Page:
Whether you’re a seasoned Business Owner or 1st-time manager, we all face similar problems and there’s a lot we can learn from one another. This year I’ve had the privilege of working with different businesses and interacting with their top management, especially the owners of the business and CEOs/MDs as their outsourced Human Resource Manager; and I was able to observe how the successful CEOs manage their teams effortlessly.
Key takeaways from my interactions. (1st part- CEO 101) -I will share more of my learnings in the next newsletter.
Focus on core work
Most successful businesses focus on their core business. For example, when it comes to Recruitment – they get a professional services firm like Alternate Doors to provide this service, the work of management is only to meet the final 3 candidates, whereas in other companies the CEO is part of the whole recruitment process from advertising, shortlisting, interviews; even if its 100 people they take part in this process. This is counterproductive and the CEO is involved in activities that should have been done by an expert. The biggest mistake I see management doing is hiring the wrong people or offering above the market offers because they are too tired to interview more people. Recruitment is an exhausting activity and can even take months.
Take Away: They engage experts in non-core work activities
Empathy and Emotions
Their empathy is based on bigger goals. For example when it comes to letting employees go- This will probably always be the hardest part of any manager’s job – and it’s something you never want to get too comfortable doing. Unfortunately, there’s no easy way around this one and it doesn’t become any easier, no matter how much experience you have. Their focus is on bigger goals, for example, the non-performing employee will affect the whole business performance or will make the business lose a client. The option is between keeping the non-performing employee or not being able to meet payroll for the other employees in the business because you lost clients.
Take away: They are very practical and don’t make decisions based on emotions.
Performance Management – Direction and Clarity
Performance problems are always going to be a concern for any manager. If employees don’t have clear targets and goals in place, it can be easy to fall short of what is expected. Clearly communicate targets and outline expected results to each of your team members. This way, if any results are falling short, you’re able to tackle the problem head-on by comparing expectations to actual performance. Make sure that you’re continuously monitoring actual performance in comparison to these set targets. You can then spot any problems early on and provide constructive feedback – helping to avoid larger issues down the line.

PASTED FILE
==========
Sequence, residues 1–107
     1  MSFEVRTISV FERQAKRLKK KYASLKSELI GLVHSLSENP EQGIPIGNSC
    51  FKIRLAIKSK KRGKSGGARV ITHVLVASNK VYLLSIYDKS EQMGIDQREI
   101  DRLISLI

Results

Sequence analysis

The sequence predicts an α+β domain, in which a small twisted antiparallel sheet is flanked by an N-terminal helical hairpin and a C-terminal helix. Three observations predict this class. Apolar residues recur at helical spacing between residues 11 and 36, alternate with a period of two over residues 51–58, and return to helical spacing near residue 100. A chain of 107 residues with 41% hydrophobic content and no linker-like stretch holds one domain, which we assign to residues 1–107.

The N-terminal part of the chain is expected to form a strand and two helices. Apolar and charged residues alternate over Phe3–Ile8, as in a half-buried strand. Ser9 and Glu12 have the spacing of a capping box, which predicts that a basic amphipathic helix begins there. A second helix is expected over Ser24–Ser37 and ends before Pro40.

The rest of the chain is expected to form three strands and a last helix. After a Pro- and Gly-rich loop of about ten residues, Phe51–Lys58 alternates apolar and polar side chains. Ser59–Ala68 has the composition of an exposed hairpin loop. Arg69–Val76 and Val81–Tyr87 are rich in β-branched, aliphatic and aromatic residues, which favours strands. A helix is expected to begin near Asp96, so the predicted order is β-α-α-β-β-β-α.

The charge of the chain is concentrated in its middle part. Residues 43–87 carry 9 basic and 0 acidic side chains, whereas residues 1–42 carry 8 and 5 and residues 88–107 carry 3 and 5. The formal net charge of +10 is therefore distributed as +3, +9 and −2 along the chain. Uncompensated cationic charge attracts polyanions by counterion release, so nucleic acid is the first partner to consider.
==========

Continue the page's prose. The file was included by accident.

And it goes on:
Having clarity removes any ambiguity, at times companies become petty and raise non-performance issues to their employees. I have seen companies lose their top performers, close and even taken to court because of pettiness.
Take away: They are clear on what they expect from their employees.
They develop people and think 5 years/ Future. There are many people out there who might have the experience and skills that you might be looking for and they’re probably perfectly capable to do the job. But this doesn’t mean they’re a perfect match to join your team. A good manager is able to decipher between good skills hire and a good cultural fit. Therefore they start selecting future managers early. In their organisations if someone leaves they are not in chaos, they always have a backup plan, there is an intern, a management trainee, or a junior staff member who has been prepared to take up the role.
Take away: They focus on future managers
Outcomes and End goal Vs Micromanagement
They focus more on outcomes than tasks; that is why they have been successful in ‘working from home’ and remote working. Focus is on the end results – how effective their teams are at achieving their goals. One company wanted Human Resource Support-however the support they wanted was for us to police their staff -We should call them every day ( 3 times) and collect details on what they are doing. This was very interesting as if you can be able to invest in someone to police your team, it would have been best to hire the right team from the beginning, if they are not meeting the targets then they are not the right team in the first place.
Take away: They focus on outcomes
If a team member seems unwilling (or unable) to take in constructive feedback, it can seem like a red flag. To build up that trust, successful CEOs focus on connecting with their teams. They truly care about what is going on in their life outside of work. Most of their employees felt comfortable talking about their weaknesses and problems – not just their triumphs at work and how the company can support them better. The employees get a total buy in- They enjoy their work and go above and beyond on what they are expected to do.
Take away: Build Trust
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